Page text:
I have been involved in the recruitment process for a researcher position in Europe and I have been informed I was accepted. However, thinking about how the interview went, I noticed that most of it focused on the evaluation of the skills and the responsibilities associated with the future job opportunity. In particular, I was expecting the prospective employer to at least show some interest in my previous work (my recently-completed PhD* for example), beyond the common question of introducing myself. However, no questions have been explictly asked about it, which I found particularly odd, since both topics (PhD and new position) are closely-related.

Is the employer's lack of interactivity/interest in knowing more about a candidate's past experiences normal/common in such interviews or is it a bad sign?

*I don't know if this is relevant, but a PhD wasn't mentioned in the requirements for the position, but I applied anyway.

  • Presumably you gained the skills relevant to the job while doing your PhD, so the questions covered it, albeit indirectly. – astronat Aug 31 '20 at 22:15
  • @astronat yes, I guess I was expecting a rather direct interaction. – acad-user Sep 1 '20 at 8:04
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    Also, downvoter, please suggest how you think I can improve the post. – acad-user Sep 1 '20 at 8:05
  • I'm not sure why this should be odd. The point of a postdoc is to broaden your research profile, not to reiterate the same things that you did during your PhD. It might indeed be feasible to use some of your PhD work for the new project, but that's usually just one out of many possibilities, and if that's your key interest you could have brought that up, too. – lighthouse keeper Sep 1 '20 at 12:00
  • @lighthousekeeper The position is neither advertized as a postdoc, nor a PhD position. But in my case, since it will happen [post] my [doc], I guess we can refer to it that way. – acad-user Sep 1 '20 at 14:46

First, learn to take good news as good news! You've got better things to do in life than to second-guess these things :-)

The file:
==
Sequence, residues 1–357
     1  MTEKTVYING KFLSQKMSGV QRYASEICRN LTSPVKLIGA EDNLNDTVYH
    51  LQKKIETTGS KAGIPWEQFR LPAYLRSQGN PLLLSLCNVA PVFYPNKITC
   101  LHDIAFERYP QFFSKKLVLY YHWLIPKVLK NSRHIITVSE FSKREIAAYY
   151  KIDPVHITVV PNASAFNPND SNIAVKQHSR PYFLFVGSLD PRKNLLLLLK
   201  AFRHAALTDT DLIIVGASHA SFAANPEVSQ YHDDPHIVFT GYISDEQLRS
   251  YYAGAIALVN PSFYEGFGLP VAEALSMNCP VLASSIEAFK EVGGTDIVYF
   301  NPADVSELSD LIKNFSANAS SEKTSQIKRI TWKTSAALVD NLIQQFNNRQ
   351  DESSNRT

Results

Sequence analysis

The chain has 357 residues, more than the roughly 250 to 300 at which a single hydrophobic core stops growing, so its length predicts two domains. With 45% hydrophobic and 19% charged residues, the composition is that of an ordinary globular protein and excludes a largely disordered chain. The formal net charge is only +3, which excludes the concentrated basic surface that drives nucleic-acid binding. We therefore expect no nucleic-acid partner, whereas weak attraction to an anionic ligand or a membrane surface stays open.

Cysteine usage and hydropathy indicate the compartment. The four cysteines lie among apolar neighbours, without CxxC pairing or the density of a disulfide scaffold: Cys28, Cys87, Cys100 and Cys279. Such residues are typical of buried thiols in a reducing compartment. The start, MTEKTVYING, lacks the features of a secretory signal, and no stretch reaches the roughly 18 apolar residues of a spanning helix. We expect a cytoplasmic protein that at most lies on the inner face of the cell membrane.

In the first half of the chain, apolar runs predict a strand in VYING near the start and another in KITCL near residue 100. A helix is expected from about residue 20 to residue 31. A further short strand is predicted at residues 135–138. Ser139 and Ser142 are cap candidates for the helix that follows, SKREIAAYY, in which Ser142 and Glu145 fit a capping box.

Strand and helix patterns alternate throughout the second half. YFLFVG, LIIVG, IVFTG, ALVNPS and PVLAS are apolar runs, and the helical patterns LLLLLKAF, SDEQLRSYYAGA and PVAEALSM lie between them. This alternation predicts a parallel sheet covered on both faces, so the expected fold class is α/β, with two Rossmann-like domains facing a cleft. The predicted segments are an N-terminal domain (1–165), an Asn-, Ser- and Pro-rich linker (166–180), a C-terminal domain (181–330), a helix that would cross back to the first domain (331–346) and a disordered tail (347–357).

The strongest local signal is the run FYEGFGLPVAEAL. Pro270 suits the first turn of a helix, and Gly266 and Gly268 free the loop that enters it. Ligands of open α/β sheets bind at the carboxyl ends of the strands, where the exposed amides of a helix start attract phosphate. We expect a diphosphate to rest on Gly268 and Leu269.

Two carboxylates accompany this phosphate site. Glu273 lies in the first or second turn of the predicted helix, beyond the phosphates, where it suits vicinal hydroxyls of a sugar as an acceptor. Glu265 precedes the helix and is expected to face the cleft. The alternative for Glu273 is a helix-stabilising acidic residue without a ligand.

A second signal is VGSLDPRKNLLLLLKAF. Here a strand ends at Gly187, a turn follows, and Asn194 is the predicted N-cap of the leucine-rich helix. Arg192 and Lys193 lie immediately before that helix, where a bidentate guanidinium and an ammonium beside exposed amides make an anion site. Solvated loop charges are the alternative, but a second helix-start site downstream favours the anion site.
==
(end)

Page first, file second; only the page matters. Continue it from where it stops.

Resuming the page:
As for the actual question: We really can't know. In academia, a lot of things are available in written form. You probably had to provide letters of reference, and the people who interviewed you will have read them. You also wrote a PhD thesis, and the people who interviewed you will have taken a look at it. You may have written publications, and the people who interviewed you will be aware of them. So a lot of your past performance is an open book. What isn't available to the selection committee is your ideas about your future because, I assume, you don't have a website on which you have provided a vision statement.

So, first, it doesn't strike me as particularly odd that the people who want to hire you for a particular job ask you about that job rather than your previous job. Second, just take the fact that they're offering you the job as good news and celebrate!

  • thanks for sharing your view! "You probably had to provide letters of reference" -> They didn't ask for it. Also, my CV didn't include reference contacts, as they didn't ask for it. "You also wrote a PhD thesis, and the people who interviewed you will have taken a look at it." -> My thesis will take a few weeks to be published online, and they didn't ask for a copy to have a look at it. Re- publications, yes, that's probably true! – acad-user Sep 1 '20 at 8:12
  • "What isn't available to the selection committee is your ideas about your future " -> In fact, yes, and they didn't ask about what my future plans were. So, it seems that everything is assumed. – acad-user Sep 1 '20 at 8:12
  • +1 for explaining that OP's past output is public. "You probably had to provide letters of reference" -> not e.g. in Germany. Instead, here the employer certifies what types of work OP did. However, these certificates are often not yet available when a job interview takes place (and they are sometimes omitted in academia, since e.g. the PhD thesis does that as well). The new institution's HR department will ask for them later on, though and use them to validate what is claimed in the CV (and also to judge experience = wage tariff for public research institutions). – cbeleites unhappy with SX Sep 1 '20 at 11:38
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    @cbeleitesunhappywithSX thanks for these clarifications. The position is indeed in Germany (the new, not the old one) – acad-user Sep 1 '20 at 14:43
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    @acad-user -- even if there are no letters, academic communities are small. Your PhD adviser may very well be well known to your new employers, and they may have had a conversation on the phone, or over beers at some conference. I believe that I've known the advisers of all postdocs I've hired, and probably had formal or informal conversations with each of them about the candidate at some point. In several cases, this was long before I hired them: I hired them because I already knew for a long time that they're good, sometimes before they had first met me. – Wolfgang Bangerth Sep 1 '20 at 17:09

Lots of large organisations have very strict requirements about recruitment processes to avoid bias. These may include asking identical questions to each applicant. When you answer the question, you draw examples from whatever your history is - PhD, organising the family business, caring for your sick relative for five years. The thesis is a tool for developing and demonstrating a set of skills.

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